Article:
OpenZFS Lands A Very Nice Performance Optimization

Written by Michael Larabel in Linux Storage on 6 January 2023 at 10:30 AM EST. 73 Comments
A very nice feature pull request was merged to OpenZFS that can provide a nice performance improvement to this open-source ZFS file-system implementation to kick off the new year.

Alexander Motin with iXsystems has seen his uncached prefetch work land into OpenZFS. Motin summed up in the now-merged pull request:
This change gives ARC a knowledge about uncacheable buffers. It is passed to arc_read() and arc_write() and stored in ARC header. When remove_reference() drops last reference on the ARC header, it can either immediately destroy it, or if it is marked as prefetch, put it into new arc_uncached state. That state is scanned every second, looking for stale buffers that were not demand read (in which case they are evicted immediately).
With the combination of enabled prefetch and avoided memory copy this change improves sequential single-threaded read speed from a wide NVMe pool from 2049 to 3932 MiB/s. During write profiler shows 22% reduction of unhalted CPU cycles at the same throughput of 3653 MiB/s.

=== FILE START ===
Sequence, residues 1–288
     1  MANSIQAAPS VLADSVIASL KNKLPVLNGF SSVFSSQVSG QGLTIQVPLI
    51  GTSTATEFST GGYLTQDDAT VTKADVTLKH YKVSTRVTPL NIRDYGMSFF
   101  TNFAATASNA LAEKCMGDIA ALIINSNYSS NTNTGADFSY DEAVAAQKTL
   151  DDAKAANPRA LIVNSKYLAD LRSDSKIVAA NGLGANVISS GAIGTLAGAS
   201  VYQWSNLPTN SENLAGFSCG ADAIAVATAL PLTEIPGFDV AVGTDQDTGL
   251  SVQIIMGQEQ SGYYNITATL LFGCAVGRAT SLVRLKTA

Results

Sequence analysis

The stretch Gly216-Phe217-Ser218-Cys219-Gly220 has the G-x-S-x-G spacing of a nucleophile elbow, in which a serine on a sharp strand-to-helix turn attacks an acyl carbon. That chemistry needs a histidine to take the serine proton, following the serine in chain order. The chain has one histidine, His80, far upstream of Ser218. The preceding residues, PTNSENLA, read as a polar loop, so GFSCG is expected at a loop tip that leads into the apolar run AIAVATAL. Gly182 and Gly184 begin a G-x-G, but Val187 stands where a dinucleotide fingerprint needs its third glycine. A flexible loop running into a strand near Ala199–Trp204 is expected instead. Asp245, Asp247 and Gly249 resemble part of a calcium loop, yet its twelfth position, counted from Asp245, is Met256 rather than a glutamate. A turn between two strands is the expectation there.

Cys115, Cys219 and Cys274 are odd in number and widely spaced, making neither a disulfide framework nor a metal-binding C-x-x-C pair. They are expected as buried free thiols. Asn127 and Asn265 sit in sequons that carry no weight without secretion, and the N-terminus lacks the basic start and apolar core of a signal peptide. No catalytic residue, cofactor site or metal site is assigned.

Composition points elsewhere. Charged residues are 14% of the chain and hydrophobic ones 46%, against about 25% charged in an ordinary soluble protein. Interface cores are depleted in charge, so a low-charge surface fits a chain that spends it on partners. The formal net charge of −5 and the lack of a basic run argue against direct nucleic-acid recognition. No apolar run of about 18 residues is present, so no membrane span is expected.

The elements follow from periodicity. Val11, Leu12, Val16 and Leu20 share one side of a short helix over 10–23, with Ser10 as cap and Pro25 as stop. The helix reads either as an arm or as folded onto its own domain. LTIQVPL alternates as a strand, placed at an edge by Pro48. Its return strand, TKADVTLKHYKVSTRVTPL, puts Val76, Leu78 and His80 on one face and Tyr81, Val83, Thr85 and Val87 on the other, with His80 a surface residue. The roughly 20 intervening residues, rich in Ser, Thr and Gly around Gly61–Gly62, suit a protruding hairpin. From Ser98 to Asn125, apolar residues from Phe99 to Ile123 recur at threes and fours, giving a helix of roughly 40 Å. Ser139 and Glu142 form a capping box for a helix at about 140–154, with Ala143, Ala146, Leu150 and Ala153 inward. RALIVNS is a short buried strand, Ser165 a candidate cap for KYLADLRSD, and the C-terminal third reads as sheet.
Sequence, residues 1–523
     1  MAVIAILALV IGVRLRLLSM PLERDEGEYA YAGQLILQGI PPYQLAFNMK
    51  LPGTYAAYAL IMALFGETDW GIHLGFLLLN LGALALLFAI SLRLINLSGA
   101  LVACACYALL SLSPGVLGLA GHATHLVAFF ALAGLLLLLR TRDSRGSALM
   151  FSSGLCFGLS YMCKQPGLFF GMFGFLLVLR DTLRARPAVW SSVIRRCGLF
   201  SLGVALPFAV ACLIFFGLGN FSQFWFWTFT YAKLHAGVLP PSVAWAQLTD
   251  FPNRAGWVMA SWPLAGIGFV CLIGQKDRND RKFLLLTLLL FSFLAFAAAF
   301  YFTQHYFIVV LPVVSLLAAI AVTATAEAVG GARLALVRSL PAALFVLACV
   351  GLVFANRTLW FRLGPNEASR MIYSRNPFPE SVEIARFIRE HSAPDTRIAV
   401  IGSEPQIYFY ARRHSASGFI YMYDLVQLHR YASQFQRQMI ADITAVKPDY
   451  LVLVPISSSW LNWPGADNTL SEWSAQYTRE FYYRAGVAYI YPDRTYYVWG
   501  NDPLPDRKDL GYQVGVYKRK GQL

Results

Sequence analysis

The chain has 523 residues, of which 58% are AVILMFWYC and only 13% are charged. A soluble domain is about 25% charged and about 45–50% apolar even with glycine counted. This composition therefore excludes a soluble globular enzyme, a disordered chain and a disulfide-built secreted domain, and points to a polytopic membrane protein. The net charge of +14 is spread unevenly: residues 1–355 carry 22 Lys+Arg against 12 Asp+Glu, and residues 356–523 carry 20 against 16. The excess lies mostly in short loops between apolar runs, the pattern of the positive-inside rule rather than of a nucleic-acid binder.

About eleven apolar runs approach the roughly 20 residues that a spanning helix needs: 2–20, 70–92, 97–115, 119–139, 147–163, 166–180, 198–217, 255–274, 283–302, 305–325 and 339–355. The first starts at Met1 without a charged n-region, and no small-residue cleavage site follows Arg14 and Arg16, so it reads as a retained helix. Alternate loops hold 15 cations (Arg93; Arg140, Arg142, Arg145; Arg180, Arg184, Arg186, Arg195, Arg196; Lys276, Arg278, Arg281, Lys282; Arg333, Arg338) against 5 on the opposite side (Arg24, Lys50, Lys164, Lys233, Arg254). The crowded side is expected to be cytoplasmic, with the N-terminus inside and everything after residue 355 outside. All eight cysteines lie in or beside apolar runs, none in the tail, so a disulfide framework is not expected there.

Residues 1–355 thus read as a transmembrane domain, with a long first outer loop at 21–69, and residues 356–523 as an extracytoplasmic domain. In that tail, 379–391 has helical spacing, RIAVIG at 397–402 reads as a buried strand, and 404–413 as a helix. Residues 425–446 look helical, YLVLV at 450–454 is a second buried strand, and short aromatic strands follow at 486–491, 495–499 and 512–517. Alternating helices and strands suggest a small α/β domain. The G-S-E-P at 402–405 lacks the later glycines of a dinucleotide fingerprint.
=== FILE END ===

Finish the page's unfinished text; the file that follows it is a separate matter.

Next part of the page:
OpenZFS developer Brian Behlendorf shared some benchmark results featuring this change and the performance there also looks very nice:

A nice way to start 2023 for OpenZFS... More details via this pull.
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Michael Larabel is the principal author of and founded the site in 2004 with a focus on enriching the Linux hardware experience. Michael has written more than 20,000 articles covering the state of Linux hardware support, Linux performance, graphics drivers, and other topics. Michael is also the lead developer of the Phoronix Test Suite, Phoromatic, and automated benchmarking software. He can be followed via Twitter, LinkedIn, or contacted via

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